An argument was put forward by the Government in another place that there could be cases of hardship where a relative had genuinely given up his former accommodation and had been living with the deceased for five-and-a-half months previous to his death, and then would have nowhere to go, and they asked what we would do about a case like that. Therefore I have deliberately not put a time factor into this Amendment. There was the other leg of the argument about the particular member of the family who could claim the tenancy, because in Clause 2 (2) the courts have to decide, or are able to decide, on certain terms and conditions when the landlord and tenant come before them; therefore it would be necessary to have the court particularise which member of the family could have the tenancy. I have left that out of the reckoning, too, because I do not want to waste the time of the Committee on matters which have been argued so fully in another place.

It seemed to us on this side, when discussing this subject, that we should be meeting the main point made by Government spokesmen in another place by leaving out any time factor but at least making it clear that the person who had moved in to nurse a tenant who eventually died should not be in a position to abuse the particular situation in which he found himself. It seemed reasonable in the case of a person who had alternative accommodation—for example, a niece who had been living with her parents and went to nurse the dying uncle—that she should return home. What reason could there possibly be for her not going back to the parents from whom she came? That is the sort of case we had in mind. I am sure noble Lords can think of others. I do not know whether the wording is good enough or precise enough. I thought of "in possession of", but it seemed to be ambiguous legally, or "having the right to alternative accommodation". We decided to put it in simple language and leave it to noble Lords opposite to improve on it.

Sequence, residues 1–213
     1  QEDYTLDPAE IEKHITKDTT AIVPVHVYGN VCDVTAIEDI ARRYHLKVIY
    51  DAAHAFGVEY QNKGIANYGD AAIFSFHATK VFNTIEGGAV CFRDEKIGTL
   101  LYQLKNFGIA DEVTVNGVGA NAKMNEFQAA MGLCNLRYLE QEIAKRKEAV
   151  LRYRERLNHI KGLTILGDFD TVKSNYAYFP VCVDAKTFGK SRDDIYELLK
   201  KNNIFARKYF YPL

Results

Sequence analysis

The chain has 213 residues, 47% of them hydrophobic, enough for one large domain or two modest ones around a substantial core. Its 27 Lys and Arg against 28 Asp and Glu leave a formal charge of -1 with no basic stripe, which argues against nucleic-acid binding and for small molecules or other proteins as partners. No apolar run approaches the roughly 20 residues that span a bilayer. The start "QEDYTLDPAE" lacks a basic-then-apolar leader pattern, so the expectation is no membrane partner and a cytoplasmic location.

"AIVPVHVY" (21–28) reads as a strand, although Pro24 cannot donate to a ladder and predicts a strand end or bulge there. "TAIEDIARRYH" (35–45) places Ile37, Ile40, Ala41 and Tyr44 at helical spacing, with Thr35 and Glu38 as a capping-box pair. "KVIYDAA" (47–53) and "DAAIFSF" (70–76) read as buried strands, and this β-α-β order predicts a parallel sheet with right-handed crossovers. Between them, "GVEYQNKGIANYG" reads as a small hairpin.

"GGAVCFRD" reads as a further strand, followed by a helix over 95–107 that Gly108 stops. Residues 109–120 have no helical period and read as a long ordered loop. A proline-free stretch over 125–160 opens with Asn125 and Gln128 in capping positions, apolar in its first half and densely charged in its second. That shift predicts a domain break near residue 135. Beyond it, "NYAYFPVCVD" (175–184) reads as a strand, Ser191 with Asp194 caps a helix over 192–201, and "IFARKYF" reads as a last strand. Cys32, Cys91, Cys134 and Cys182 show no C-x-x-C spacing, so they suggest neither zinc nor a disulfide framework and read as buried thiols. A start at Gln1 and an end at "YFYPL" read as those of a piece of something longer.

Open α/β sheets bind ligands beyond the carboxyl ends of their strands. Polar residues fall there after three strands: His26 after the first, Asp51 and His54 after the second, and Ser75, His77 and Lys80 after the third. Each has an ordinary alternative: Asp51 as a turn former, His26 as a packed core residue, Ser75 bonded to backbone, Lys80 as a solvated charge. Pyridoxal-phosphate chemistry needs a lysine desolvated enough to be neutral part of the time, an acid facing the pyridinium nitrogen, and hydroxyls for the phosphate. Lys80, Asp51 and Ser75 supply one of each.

It seems wrong that a person who has moved in perhaps only a week before the person dies—perhaps with malice aforethought to get the tenancy, although I do not say that that is necessarily so—should be able to waste the time of the landlord and even the court; because the intention in this situation is that they should not need to go to the court at all. The situation should be clear. I think with this proviso the subsection we are discussing would be improved and the intention behind this particular part of the clause would be clearer. Therefore I hope very much that the Government will be able to accept it. I beg to move.